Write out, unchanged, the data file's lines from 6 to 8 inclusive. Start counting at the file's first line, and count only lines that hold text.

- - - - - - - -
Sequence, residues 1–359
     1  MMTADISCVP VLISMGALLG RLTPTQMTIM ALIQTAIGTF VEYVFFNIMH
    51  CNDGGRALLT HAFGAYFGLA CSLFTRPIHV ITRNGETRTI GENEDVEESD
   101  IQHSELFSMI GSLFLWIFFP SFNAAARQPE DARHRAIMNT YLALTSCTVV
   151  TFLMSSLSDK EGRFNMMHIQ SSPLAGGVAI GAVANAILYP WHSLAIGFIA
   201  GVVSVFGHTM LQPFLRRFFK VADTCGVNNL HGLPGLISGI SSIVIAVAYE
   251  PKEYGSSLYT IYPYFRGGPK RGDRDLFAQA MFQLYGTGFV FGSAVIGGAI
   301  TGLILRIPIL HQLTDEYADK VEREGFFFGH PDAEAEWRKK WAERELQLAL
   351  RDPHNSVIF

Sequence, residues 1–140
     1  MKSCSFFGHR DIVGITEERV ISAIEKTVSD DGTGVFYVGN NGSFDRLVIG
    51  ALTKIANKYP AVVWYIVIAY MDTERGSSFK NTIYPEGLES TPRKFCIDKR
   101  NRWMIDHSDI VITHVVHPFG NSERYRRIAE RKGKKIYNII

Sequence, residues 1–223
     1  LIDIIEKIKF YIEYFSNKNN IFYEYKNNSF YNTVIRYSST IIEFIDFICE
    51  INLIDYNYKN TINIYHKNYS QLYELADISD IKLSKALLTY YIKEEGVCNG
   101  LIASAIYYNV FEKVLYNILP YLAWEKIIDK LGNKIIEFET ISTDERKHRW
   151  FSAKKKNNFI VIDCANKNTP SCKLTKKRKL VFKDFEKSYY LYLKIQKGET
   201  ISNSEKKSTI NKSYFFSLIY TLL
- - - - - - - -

   201  GVVSVFGHTM LQPFLRRFFK VADTCGVNNL HGLPGLISGI SSIVIAVAYE
   251  PKEYGSSLYT IYPYFRGGPK RGDRDLFAQA MFQLYGTGFV FGSAVIGGAI
   301  TGLILRIPIL HQLTDEYADK VEREGFFFGH PDAEAEWRKK WAERELQLAL